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Adding lights
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Joshua Kinney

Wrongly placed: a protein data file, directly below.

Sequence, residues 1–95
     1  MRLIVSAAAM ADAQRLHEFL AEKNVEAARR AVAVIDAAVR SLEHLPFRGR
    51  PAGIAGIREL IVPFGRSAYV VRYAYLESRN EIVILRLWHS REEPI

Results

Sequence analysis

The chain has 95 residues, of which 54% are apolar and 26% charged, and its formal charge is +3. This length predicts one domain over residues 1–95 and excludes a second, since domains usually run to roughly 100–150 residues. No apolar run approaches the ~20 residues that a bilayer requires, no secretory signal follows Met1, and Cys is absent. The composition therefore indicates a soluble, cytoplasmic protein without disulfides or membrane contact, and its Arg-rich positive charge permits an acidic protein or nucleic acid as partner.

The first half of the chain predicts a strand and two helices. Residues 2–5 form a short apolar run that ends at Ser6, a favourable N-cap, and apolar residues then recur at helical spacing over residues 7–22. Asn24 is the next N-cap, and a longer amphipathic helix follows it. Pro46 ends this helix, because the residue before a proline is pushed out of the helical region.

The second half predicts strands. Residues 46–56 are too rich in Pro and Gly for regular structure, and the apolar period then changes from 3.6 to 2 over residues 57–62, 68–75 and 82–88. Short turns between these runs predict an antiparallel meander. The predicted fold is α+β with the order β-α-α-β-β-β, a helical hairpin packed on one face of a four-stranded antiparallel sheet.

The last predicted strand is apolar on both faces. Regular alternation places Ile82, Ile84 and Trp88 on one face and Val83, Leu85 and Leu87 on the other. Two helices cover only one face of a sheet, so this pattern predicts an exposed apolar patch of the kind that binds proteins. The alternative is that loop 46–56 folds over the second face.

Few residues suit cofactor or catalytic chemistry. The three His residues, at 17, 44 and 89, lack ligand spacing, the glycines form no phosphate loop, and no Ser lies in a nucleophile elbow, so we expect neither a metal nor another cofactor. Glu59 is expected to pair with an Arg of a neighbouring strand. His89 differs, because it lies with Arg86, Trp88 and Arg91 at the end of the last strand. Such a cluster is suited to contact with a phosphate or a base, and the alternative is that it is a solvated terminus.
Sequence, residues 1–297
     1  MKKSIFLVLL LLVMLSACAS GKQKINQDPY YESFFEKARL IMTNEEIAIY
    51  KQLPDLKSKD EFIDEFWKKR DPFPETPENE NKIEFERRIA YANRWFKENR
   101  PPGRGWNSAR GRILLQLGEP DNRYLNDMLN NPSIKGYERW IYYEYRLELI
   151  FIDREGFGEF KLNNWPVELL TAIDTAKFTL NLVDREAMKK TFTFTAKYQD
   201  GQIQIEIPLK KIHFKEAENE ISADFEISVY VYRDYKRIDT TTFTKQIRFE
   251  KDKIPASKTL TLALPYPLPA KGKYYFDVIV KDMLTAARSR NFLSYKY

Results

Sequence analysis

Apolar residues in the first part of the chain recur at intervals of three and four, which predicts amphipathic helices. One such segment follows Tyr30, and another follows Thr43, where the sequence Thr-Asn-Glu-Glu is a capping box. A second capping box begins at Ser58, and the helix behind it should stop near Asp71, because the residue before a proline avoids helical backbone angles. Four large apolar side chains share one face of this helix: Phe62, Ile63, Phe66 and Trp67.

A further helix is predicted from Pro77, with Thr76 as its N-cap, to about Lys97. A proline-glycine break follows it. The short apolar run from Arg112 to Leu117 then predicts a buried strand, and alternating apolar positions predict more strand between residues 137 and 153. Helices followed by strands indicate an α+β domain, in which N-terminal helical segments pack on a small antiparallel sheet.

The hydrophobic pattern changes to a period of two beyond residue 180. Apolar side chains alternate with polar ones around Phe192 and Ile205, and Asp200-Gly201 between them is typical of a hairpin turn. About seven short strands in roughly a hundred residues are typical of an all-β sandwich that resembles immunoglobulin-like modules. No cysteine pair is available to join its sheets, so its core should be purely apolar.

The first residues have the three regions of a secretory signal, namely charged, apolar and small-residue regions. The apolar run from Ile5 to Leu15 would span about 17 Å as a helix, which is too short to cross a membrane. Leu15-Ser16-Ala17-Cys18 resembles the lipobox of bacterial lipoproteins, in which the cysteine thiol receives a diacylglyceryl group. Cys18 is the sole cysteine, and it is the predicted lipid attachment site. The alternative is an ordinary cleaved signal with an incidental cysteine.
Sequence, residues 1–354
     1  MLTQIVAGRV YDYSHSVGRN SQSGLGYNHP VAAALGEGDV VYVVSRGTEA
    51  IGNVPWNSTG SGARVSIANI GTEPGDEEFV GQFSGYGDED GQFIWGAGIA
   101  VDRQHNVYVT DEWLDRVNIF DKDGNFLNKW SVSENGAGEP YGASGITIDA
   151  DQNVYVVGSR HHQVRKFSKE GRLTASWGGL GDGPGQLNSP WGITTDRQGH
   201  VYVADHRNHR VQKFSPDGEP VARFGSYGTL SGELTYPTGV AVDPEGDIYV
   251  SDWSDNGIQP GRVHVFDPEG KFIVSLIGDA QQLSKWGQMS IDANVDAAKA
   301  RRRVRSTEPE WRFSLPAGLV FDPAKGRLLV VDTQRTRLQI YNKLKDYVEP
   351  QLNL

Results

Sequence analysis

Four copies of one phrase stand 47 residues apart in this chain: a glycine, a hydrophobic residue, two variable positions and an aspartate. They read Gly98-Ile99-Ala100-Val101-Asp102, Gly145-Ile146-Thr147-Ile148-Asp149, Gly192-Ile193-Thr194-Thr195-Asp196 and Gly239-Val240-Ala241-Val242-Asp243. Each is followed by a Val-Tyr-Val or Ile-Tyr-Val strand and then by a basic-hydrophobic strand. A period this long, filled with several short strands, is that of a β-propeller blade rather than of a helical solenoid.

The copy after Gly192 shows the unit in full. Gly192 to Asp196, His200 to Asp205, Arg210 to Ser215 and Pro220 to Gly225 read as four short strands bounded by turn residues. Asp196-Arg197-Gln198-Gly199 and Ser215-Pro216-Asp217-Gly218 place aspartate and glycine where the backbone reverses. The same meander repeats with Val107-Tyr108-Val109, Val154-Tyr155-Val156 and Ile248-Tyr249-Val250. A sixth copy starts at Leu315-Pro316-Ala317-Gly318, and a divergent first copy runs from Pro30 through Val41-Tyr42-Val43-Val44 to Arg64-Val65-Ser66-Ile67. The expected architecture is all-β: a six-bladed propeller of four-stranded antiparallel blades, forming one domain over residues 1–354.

Joshua Kinney